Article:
Feeling unsafe in your own home is one of the worst feelings.
Your home should be your sanctuary, even in the face of a crisis.
Here are the steps you must take to prepare your home for a disaster.
The best way to survive disaster situations is to plan ahead.
Acting without a plan can lead to irrational and dangerous decisions.
Having a disaster plan for your home is the most important prep of all because that’s your base of operations.
Here are some steps you can take to prepare your home for a disaster.
The first thing to consider is the type of threat that’s most likely to affect you.
That isn’t to say you shouldn’t prepare for a wide array of problems, but it doesn’t hurt to prioritize potential crises.
For example, people in California and people in Florida will have very different opinions about the threat of earthquakes and hurricanes.
If you live along the gulf or the eastern seaboard, hurricanes are a yearly reality each fall season.
It’s crucial that you have shutters to protect your home, or even better, an underground bunker.
Also, have an evacuation plan in case your area is in a direct path.
People who are in earthquake zones should try to get outside as quickly as possible if they’re near the center of an earthquake.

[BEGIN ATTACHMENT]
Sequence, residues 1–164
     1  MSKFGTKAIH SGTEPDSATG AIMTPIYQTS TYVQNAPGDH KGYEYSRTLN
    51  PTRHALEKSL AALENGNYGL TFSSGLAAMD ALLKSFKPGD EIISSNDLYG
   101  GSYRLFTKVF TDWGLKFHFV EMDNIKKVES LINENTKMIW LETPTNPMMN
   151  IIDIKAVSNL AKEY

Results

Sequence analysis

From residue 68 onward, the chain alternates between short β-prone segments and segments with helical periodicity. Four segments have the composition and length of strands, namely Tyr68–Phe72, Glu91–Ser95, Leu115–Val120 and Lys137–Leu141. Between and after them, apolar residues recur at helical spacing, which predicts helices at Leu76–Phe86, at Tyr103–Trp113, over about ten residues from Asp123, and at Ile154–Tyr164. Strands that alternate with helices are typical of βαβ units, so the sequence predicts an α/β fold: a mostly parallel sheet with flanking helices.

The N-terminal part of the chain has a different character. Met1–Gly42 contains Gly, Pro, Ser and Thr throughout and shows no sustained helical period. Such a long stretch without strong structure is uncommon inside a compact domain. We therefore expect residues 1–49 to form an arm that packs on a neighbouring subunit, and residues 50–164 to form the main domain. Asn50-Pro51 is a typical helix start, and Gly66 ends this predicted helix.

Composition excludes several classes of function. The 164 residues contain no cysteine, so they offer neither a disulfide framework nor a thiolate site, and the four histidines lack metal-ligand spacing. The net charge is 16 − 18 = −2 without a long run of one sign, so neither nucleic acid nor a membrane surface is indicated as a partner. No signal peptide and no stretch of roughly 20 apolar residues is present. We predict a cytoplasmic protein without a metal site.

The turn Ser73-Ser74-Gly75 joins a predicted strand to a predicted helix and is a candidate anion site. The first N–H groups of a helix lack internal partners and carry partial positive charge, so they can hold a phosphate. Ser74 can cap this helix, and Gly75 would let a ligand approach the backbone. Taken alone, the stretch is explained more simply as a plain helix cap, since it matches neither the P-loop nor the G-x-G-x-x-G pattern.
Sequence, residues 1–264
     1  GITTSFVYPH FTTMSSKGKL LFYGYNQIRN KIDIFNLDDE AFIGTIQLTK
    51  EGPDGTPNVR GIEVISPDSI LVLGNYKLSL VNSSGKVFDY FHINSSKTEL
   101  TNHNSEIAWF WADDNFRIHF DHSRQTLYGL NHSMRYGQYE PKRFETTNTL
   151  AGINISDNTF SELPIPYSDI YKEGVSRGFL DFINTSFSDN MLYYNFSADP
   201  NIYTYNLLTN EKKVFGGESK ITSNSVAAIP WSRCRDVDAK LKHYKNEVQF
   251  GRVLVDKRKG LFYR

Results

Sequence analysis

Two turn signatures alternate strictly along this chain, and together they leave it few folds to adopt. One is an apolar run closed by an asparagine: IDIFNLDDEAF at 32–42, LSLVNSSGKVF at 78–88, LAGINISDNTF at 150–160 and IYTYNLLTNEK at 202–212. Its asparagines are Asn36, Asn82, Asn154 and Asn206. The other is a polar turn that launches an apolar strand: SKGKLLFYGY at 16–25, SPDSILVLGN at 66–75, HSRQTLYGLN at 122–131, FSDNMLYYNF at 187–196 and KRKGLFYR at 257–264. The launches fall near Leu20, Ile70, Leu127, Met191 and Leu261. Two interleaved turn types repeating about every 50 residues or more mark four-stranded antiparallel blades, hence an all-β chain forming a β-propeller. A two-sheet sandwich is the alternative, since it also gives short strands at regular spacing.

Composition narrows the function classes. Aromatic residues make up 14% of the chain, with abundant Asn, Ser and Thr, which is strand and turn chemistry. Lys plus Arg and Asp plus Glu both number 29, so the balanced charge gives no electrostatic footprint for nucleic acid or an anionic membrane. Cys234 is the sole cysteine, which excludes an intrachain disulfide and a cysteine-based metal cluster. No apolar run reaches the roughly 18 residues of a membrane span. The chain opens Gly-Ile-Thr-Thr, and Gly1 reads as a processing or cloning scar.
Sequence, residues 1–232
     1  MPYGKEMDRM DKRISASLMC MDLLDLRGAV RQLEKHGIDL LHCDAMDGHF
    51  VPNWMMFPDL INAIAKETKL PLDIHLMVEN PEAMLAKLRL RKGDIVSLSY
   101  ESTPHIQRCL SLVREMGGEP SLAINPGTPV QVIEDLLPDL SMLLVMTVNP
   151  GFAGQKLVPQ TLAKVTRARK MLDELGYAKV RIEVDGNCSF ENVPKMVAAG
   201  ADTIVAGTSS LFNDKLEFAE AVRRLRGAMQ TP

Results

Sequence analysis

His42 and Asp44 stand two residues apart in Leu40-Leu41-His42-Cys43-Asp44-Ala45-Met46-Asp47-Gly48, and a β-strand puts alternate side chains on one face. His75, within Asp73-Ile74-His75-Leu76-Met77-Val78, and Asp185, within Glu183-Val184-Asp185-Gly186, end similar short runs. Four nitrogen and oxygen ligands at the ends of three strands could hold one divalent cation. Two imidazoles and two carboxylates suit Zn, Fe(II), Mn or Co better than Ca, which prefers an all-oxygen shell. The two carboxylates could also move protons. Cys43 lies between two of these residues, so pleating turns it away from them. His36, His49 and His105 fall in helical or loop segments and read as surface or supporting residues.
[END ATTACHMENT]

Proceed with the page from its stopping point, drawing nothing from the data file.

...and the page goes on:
The same nuanced approach applies to wildfires or tornadoes.
Assess the natural disasters that pose the greatest threat and have your emergency plan ready to go.
Another emergency to be prepared for is home invasion.
There are roughly 3.7 million break-ins a year, and nearly one-third of them occur when someone is home.
If you find yourself in this situation, make sure you’ve already selected a designated safe room so everyone in your household knows exactly where to go and what to do.
Have access to firearms in multiple rooms so you can defend yourself even if you’re away from your gun cabinet or safe.
Storing ropes or drop ladders in second-story rooms gives you a better chance of successfully escaping out of a window if you or a family member is upstairs during a robbery.
In fact, they’re both great resources if your house catches fire.
Another way to fight against fire is to lessen the risk.
Make sure your electrical wiring is up so a dangerous electrical fire is less likely to happen.
Familiarize yourself with the different kinds of fires because each one requires a different approach for extinguishing the flame.
For example, you should never use water on grease or electrical fires.
Water is an excellent conductor of electricity, so throwing water on an electrical fire could result in you shocking yourself.
And tossing water on a grease fire will only make a splash that can spread the flammable chemicals.
Finally, make sure you have backup power sources.
Losing access to the power grid can go from inconvenient, to scary, to dangerous relatively quickly.
Backup generators, unscented candles, and solar power are just a few ways to ensure you can still function without power.
There are many more ways to fortify your home, but the first step is figuring out which threats pose the greatest danger.